Jake Whiteley, a 2016 Rose-Hulman alumnus, discovered his passion for embedded software engineering while working on Simma Software projects as a Ventures intern.
With just one client to his name, J.R. Simma started a high-tech company in the spare bedroom of his home. His area of expertise was the niche market of embedded software, which allows non-computerized electronic parts in cars, aircraft, farm equipment and other complex machinery to interface with each other.
Soon, Simma Software outgrew the spare bedroom and Simma began searching for more space and skilled help in the form of computer, electrical and software engineers. That’s where Ventures entered the picture. A native of Riley, Indiana, which is just a few miles from the Ventures facility, Simma knew just where to turn. Soon, he was operating full time out of 600 square feet within the Ventures headquarters and was employing Rose-Hulman student interns on a consistent basis for nearly 10 years.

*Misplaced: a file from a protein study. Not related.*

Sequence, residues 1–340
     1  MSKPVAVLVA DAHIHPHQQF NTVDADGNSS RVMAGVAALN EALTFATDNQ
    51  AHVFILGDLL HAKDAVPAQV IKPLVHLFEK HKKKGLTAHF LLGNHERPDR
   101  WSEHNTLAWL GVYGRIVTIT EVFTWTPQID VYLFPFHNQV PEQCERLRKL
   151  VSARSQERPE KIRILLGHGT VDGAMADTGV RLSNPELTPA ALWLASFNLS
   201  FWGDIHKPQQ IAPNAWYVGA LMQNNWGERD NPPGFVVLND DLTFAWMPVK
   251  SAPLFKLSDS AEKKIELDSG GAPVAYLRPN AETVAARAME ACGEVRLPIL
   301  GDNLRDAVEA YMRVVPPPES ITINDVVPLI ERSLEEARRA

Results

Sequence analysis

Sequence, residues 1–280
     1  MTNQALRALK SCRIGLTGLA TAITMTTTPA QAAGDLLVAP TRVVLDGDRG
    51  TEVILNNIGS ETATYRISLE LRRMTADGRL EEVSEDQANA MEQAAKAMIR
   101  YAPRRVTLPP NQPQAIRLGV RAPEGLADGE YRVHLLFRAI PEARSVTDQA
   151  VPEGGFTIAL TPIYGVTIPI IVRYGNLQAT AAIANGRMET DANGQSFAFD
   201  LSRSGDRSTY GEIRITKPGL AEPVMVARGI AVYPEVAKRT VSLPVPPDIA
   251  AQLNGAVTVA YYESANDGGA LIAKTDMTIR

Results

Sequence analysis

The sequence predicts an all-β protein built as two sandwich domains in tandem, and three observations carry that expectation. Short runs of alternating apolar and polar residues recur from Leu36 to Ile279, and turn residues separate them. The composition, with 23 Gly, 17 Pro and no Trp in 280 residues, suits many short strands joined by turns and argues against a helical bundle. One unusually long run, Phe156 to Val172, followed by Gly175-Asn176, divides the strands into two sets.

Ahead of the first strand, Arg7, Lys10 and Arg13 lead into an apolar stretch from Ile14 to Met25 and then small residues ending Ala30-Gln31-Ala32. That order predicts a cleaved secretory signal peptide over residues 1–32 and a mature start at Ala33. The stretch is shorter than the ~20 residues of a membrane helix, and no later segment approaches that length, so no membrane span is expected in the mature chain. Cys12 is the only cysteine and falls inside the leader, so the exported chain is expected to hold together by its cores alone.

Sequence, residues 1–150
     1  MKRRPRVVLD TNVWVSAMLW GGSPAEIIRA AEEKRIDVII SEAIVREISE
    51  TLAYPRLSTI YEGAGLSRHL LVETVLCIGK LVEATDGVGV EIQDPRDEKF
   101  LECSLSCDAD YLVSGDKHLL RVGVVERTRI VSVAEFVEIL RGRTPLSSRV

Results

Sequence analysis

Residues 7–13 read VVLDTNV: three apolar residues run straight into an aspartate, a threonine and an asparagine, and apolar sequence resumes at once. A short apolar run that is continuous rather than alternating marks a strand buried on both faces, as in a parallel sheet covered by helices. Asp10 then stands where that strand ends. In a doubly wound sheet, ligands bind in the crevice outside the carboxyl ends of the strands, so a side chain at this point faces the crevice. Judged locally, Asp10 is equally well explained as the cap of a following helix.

“We’ve grown about 30 percent year-over-year in the past nine years,” Simma says. “There’s no way we could have done that without Ventures.”
One former intern who discovered his passion for embedded software development while working on Simma Software projects is Jake Whiteley, a 2016 Rose-Hulman computer science alumnus. Whiteley had several job offers when he graduated, but signed on to stay with Simma as a full-time employee because of his love of embedded software development.
“Ventures drove home to me that I could find a job doing what I enjoy,” Whiteley says.This spring, having outgrown the Ventures location, Simma Software moved back to Riley, where the company serves its global customer base from a much larger facility and with four full-time employees. Simma expects additional growth as the market for his company’s main hardware product—an adapter that records miles of operations for commercial vehicles—is set to expand dramatically at the end of the year with the introduction of new highway safety regulations.